Sunday, May 13, 2012

Adult Pleasures XVI: Schadenfreude

What is life but a continual exercise in revision?

We think about that email we sent or the response we gave in a work meeting and mentally revise how (both procedurally and substantively) we will respond in a similar, future situation. Always, we wonder: do we show all our cards in an effort to make a statement, or are we more circumspect, leaving subtlety and subtext to assume the burden of our messages to others?

We rewind a thousand times the memories of our conversations, lectures, and work presentations because we perceive some flaw in our communication. We aim to isolate those errors and disturbances, and remedy them so our embarrassment is curtailed  in the future.

We rewrite our prose to clarify our thoughts.

We remind ourselves of the kind of person we wish to be.

We rejuvenate with yoga, while aspiring to not let the world trample on our spirits so much.

We rewind, relive, rejoin, remand, remind, remonstrate, redirect, resurrect, recalculate, redistribute, readjust, repair, recycle, reassign, reexamine, and review.

Much of our life activity, it seems, revolves around words with prefixes, all in an attempt to improve and Become.

But if we are not careful, the aspirational trajectory of our lives may become overwhelmed by our hyperactive superegos which continually remind us of our failings and foibles.

And so it is easy to understand why the Germans so efficiently (always efficiently) compressed a big emotional experience into (for German) a not so long word: Schadenfreude. For here we have the encapsulation of an experience whereby the emphasis shifts away from our self-induced purges to concentrating on the misfortunes and mistakes of others. For once, we can silence the incessant inner nagging and see that others, too, make and receive their folly.

Ah, yes, Schadenfreude. We know it well, even if we hesitate to admit it.

But sometimes the misfortunes and mistakes of others present us with opportunities--and that is something to really celebrate.

For instance, I brought home this Foxglove--a plant I otherwise would not willingly situate in my garden (they are pretty, but, as my dear reader knows, I am a garden snob and I have peculiar, if fluctuating, tastes). But, it was a gift from a gardening friend, an extra, and gardeners cannot willingly send plants to their deaths if they can help it (hence the generosity of gardeners: "please, come and take these plants." "OF COURSE you can have these; I am dividing and removing." "No, no, you aren't imposing; I offered, silly!")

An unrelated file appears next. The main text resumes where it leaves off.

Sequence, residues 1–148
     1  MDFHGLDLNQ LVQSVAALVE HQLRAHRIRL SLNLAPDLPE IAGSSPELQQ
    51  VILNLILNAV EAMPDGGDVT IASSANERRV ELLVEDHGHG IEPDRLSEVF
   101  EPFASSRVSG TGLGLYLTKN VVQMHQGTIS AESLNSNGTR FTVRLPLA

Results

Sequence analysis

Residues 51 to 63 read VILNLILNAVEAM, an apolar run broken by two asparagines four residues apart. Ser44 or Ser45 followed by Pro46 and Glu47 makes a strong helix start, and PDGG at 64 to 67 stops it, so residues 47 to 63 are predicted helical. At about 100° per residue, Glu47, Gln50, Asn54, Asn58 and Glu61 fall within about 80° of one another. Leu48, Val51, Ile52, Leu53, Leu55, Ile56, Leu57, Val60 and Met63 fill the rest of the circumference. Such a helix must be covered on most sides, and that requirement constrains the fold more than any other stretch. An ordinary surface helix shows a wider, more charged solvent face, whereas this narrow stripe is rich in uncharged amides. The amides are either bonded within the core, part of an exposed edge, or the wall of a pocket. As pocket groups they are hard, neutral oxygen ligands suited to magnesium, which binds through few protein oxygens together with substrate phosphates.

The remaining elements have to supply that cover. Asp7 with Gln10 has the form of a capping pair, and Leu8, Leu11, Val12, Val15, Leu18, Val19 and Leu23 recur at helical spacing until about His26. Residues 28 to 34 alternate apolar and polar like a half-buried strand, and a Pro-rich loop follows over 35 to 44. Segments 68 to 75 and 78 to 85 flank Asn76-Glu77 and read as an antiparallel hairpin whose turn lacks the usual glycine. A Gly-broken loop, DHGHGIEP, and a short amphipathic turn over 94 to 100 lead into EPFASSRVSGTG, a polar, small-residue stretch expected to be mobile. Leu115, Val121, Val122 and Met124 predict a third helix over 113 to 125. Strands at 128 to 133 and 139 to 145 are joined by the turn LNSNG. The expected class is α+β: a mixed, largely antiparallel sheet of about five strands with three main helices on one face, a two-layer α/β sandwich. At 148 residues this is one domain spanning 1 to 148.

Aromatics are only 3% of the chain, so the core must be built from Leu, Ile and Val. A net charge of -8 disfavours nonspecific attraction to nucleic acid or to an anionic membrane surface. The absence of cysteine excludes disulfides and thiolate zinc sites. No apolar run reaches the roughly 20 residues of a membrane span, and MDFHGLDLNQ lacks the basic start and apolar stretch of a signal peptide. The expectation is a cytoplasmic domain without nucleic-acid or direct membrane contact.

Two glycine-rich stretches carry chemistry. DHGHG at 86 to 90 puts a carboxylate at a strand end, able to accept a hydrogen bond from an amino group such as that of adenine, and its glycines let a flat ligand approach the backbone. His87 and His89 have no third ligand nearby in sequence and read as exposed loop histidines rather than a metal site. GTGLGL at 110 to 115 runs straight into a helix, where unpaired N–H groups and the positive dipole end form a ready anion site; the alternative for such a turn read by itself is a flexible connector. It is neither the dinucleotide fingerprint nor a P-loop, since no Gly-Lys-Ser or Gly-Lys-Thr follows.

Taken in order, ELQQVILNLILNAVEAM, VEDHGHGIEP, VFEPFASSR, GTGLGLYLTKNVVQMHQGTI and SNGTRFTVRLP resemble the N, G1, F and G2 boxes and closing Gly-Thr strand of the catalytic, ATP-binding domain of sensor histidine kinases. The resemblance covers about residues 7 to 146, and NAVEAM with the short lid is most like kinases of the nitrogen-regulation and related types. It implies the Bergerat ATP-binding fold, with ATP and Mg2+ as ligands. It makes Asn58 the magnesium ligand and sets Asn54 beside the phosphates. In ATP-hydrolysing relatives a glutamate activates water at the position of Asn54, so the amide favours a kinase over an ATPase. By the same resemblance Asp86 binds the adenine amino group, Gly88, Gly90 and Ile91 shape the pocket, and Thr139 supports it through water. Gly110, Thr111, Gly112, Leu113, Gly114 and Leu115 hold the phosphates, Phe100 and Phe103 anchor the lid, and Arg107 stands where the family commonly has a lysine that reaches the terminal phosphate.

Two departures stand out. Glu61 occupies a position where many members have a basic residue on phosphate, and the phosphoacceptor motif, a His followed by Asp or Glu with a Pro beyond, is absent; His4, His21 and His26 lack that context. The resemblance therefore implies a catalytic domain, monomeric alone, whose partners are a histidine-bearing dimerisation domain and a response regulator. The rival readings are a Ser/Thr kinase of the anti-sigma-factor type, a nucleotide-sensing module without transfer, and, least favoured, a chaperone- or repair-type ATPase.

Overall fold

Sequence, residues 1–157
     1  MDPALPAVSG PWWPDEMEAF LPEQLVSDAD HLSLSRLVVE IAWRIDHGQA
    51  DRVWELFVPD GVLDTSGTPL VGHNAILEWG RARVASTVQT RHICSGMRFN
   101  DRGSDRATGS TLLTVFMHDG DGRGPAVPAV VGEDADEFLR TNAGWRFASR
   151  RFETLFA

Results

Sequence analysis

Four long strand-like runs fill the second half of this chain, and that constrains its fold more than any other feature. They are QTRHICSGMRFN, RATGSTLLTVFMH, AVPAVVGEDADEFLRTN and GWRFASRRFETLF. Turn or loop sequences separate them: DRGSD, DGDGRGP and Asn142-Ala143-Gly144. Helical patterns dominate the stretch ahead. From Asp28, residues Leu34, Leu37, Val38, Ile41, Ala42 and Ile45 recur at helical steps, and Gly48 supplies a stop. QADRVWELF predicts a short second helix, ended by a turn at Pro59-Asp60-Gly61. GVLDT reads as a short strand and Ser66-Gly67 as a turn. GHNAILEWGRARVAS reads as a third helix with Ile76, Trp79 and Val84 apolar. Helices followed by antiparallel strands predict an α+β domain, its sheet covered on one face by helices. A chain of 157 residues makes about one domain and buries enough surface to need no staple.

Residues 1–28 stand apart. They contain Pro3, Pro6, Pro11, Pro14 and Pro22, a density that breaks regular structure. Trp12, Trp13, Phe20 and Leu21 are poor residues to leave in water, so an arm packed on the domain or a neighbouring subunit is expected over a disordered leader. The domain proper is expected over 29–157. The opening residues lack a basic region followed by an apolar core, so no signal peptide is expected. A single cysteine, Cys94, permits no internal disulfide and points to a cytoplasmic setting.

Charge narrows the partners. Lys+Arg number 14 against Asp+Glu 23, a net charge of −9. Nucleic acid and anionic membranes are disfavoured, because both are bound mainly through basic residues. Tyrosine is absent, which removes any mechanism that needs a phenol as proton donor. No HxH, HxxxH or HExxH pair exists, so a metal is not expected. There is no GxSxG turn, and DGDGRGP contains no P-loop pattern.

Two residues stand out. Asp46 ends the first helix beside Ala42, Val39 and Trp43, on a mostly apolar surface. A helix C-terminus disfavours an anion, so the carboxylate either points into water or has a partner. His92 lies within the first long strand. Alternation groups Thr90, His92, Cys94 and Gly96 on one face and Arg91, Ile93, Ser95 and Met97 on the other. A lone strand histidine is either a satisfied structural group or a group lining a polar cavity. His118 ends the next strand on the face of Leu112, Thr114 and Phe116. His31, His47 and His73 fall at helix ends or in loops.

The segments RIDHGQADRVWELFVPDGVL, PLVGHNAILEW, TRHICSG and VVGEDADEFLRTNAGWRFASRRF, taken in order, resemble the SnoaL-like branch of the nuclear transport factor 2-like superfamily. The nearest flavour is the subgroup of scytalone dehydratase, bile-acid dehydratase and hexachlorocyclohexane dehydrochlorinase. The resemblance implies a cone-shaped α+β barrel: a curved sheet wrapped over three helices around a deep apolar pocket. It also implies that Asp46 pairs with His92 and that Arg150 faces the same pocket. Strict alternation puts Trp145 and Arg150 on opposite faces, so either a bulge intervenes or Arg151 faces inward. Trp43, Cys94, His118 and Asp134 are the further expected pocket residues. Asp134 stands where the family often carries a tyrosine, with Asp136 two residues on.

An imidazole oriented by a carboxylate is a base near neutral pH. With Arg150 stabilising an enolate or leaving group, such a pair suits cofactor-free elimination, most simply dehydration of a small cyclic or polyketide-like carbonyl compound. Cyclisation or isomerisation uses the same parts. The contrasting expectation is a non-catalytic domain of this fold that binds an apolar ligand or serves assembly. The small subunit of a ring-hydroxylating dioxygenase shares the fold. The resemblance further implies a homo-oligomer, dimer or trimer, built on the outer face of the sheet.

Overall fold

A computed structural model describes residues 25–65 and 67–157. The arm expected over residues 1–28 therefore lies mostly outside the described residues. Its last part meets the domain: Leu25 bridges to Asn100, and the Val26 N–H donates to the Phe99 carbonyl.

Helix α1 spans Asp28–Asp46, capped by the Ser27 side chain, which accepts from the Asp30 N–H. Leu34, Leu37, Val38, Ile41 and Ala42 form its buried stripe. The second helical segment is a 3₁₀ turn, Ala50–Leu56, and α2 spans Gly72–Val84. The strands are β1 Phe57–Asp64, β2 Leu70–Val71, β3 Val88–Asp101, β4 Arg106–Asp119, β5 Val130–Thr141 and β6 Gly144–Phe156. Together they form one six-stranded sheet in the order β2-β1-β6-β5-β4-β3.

It was labeled creamy yellow, and I thought it would look smashing in the yellow and blue bed.

Well, look at it. What idiot switched the tag?

What an eyesore.

(Though I hear my cousin Arianna now: "Pink: you always need pink." (Can one discern her favorite color?)

She would be thrilled to see how pink, a color I tried to banish from my garden, has made deep intrusions into my garden--always unconscious, always startling and denounced, yet always welcomed with a murmur, "gosh, that's so beautiful."

Her Schadenfreude--"Ha! Pink Prevails! The ban collapses!"--becomes, curiously, my delight too!

As I stared at this eyesore, I had a thought: move it. (Ahem. yes, dear reader, I am a bit slow.)

How perfect an accompaniment to the blues and purples of the East Side Shade Bed!

 How perfect an accompaniment to the neighbor's rhododendron!

Transplanting the Foxglove thus gave me an opportunity to revise and amend, which for all intents and purposes translated into a visit to my favorite garden center.

A Thunderbolt Hosta took the place of the Foxglove, its blues a perfect contrast to the oranges and yellows of Lena Scotch Broom, which is now underplanted with Orange Marmalade Hosta, and Citronelle Heuchera.

Schadenfreude: it gives us pleasure in so many ways.


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